It is a sigh of relief. A weight off your shoulders. It's a surge of satisfaction being able to let go of the constant need to check your phone.
For me, these moments come at a time when I have no choice but to lay off social media. Times such as camping trips in the mountains, vacations where I'm too busy to be on my phone, or, my current situation, having just moved and my boyfriend has failed to get the WiFi set up for over a week (why did I trust him with this job?).
Of course now, I'm glad I did put him in charge of this seemingly simple task. Because of him, our past week and a half in our new apartment has been spent reading, playing cards, listening to old music on his iPod, and watching ONE movie (as opposed to binge-watching Netflix).
It's so much easier to think of creative and fun ways to pass the time when you're disconnected from the online world. And personally, I feel a sense of ease not being ruled by technology. Aside from social media, there are other things that attach us to our devices. Text messages, emails, and any other sort of messaging system that allows people to contact you at any time, any place. We're constantly available to other people, and it's exhausting.
When I take a break from social media, at first I experience a type of anxiety. A sense of urgency that I need to stay up-to-date with what people are doing, and I want them to stay up-to-date with me. Because of platforms like Snapchat, Facebook, Twitter, Instagram, we have this obsession with showing off our daily lives, and if we fail to do so, people won't think we're awesome or cool or interesting.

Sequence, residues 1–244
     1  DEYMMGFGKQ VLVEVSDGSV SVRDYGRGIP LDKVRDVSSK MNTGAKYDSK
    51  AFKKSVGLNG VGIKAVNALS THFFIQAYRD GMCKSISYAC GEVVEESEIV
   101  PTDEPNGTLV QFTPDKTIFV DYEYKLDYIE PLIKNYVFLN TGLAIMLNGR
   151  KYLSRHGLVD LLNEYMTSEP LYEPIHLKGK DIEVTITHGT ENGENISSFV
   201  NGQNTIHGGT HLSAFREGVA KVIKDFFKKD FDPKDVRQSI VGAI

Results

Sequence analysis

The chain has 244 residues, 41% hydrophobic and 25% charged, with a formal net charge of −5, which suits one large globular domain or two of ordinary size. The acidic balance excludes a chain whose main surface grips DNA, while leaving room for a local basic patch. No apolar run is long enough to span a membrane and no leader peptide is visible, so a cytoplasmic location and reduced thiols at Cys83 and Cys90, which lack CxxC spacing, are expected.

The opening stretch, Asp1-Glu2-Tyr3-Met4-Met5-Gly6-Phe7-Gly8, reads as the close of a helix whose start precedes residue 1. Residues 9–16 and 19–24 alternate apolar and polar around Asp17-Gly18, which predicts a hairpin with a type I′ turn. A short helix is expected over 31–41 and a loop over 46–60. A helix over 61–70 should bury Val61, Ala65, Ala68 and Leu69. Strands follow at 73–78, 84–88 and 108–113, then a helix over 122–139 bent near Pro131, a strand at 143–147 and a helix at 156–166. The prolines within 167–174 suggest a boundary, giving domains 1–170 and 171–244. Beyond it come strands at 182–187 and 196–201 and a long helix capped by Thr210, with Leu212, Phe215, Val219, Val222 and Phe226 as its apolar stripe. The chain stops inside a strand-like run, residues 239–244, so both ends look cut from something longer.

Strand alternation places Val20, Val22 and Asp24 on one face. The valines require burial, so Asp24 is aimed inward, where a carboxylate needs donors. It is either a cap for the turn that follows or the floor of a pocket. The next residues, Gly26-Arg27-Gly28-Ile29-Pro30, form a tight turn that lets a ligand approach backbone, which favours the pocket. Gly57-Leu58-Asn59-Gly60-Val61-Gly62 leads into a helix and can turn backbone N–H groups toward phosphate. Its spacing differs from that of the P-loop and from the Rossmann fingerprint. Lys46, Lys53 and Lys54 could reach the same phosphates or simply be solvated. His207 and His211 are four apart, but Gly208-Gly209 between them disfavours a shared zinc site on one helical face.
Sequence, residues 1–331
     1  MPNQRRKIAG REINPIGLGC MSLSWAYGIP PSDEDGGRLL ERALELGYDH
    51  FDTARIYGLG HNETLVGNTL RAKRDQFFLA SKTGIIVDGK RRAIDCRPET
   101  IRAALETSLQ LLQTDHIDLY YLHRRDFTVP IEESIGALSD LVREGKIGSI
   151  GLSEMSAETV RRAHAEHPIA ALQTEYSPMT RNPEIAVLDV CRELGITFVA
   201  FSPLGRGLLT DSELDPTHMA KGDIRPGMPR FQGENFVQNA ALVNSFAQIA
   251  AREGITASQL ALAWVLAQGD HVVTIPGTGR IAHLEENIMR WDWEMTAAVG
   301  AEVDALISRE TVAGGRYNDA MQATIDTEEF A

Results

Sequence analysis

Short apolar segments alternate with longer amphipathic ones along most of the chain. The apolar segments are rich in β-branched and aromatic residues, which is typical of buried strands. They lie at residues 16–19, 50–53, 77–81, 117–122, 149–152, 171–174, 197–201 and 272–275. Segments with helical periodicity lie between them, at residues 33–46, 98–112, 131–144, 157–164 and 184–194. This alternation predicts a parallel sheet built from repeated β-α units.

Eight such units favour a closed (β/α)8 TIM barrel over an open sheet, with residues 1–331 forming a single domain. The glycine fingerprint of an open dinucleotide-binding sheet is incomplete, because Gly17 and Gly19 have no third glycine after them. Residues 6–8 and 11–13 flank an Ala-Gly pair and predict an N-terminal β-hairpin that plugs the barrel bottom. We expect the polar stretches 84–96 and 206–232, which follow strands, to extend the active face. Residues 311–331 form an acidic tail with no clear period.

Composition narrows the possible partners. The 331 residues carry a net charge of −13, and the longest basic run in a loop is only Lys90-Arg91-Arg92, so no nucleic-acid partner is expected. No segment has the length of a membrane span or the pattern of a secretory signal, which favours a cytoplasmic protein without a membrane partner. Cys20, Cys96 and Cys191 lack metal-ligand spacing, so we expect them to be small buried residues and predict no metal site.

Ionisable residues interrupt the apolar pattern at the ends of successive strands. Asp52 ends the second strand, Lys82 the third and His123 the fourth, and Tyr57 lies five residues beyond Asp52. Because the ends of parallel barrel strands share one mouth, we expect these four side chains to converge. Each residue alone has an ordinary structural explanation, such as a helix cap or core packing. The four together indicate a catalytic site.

The truth is, though, people don't care either way. Because your followers are thinking the same thing about themselves. We all want our lives to be validated. We all want people to know that we're out here "living our best lives." But why? Why should you care if Sally from your hometown thinks you're having fun on the weekends?
The only people whose opinions matter are the people who are featured in your posts. You should be too busy enjoying each other's company that you don't have time to try to capture it for strangers to see. It's understandable that we all want to show off sometimes. However, the difference comes from your motivations. Posting because you want others to see that you're out on a Friday night is not the same thing as posting because you genuinely love the moment.
Taking a step back from social media not only cuts down the need to impress other people, and it also takes away that shitty feeling we get deep inside when we feel we're missing out. Taking a moment to disconnect is so empowering because you take back control of your feelings, self-esteem, and confidence. It gives you a chance to realize the great things you have going on in your life and to fully experience the memories you're making.
So, moral of the story is this: Don't wait until you have no choice but to stay off social media. Actively make decisions to limit your usage, especially when you're out with other people. It takes an immense weight off your shoulders, and you'll be able to focus on the great experiences that are taking place right in front of you.